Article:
Mahabharata
  • In televisionland we are all sophisticated enough now to realize that every statistic has an equal and opposite statistic somewhere in the universe. It is not a candidate's favorite statistic per se that engages us, but the assurance with which he can use it. We are testing the candidates for self-confidence, for "Presidentiality" in statistical bombardment. It doesn't really matter if their statistics be homemade. What settles the business is the cool with which they are dropped. And so, as the second half hour treads the decimaled path toward the third hour, we become aware of being locked in a tacit conspiracy with the candidates. We know their statistics go to nothing of importance, and they know we know, and we know they know we know. There is total but unspoken agreement that the "debate," the arguments which are being mustered here, are of only the slightest importance. As in some primitive ritual, we all agree — candidates and onlookers — to pretend we are involved in a debate, although the real exercise is a test of style and manners. Which of the competitors can better execute the intricate maneuvers prescribed by a largely irrelevant ritual? This accounts for the curious lack of passion in both performers. Even when Ford accuses Carter of inconsistency, it is done in a flat, emotionless, game-playing style. The delivery has the tuneless ring of an old press release from the Republican National Committee. Just so, when Carter has an opportunity to set pulses pounding by denouncing the Nixon pardon, he dances delicately around the invitation like a maiden skirting a bog. We judge that both men judge us to be drained of desire for passion in public life, to be looking for Presidents who are cool and noninflammable. They present themselves as passionless technocrats using an English singularly devoid of poetry, metaphor and even coherent forthright declaration. Caught up in the conspiracy, we watch their coolness with fine technical understanding and, in the final half hour, begin asking each other for technical judgments. How well is Carter exploiting the event to improve our image of him? Is Ford's television manner sufficiently self-confident to make us sense him as "Presidential"? It is quite extraordinary. Here we are, fully aware that we are being manipulated by image projectionists, yet happily asking ourselves how obligingly we are submitting to the manipulation. It is as though a rat running a maze were more interested in the psychologist's charts on his behavior than in getting the cheese at the goal line.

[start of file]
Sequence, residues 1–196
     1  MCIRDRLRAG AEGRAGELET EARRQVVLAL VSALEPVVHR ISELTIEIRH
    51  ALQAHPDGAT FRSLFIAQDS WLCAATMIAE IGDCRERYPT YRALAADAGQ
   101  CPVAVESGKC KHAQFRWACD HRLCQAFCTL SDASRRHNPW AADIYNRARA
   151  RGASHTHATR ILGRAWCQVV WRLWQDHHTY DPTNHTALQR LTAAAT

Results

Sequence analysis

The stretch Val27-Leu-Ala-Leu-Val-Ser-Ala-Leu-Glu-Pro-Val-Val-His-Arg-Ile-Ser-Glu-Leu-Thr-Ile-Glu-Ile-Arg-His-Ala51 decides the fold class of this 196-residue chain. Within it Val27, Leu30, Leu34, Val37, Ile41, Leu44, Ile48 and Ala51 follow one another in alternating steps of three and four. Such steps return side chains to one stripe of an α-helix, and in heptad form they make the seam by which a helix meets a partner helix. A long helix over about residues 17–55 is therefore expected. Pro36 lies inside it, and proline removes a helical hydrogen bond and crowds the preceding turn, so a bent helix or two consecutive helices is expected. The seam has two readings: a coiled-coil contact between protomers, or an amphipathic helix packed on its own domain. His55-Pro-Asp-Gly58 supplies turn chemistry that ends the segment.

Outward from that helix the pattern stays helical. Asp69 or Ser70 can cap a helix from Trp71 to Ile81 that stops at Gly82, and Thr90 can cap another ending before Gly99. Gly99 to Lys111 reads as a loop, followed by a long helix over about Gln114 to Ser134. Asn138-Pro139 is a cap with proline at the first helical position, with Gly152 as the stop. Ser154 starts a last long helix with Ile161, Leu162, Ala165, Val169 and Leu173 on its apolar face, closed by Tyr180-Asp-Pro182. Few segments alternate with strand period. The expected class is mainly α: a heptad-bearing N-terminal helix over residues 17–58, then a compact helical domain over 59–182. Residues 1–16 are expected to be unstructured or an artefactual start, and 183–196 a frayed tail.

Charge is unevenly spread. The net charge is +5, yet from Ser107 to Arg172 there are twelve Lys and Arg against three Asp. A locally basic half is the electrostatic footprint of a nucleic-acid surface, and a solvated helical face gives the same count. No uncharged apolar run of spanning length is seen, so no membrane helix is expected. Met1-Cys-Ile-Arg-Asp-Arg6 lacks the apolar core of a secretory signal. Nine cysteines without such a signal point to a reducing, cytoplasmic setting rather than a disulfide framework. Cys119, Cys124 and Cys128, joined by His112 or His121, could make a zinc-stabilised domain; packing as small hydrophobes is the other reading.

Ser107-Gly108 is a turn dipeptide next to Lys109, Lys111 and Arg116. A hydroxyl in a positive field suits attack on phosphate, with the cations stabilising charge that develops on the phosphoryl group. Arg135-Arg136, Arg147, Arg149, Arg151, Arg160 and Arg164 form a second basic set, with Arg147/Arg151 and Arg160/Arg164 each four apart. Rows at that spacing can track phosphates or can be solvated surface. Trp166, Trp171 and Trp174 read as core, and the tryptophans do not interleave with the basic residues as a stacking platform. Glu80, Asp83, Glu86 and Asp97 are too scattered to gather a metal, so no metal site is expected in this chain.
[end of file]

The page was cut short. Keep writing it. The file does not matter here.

Russell Baker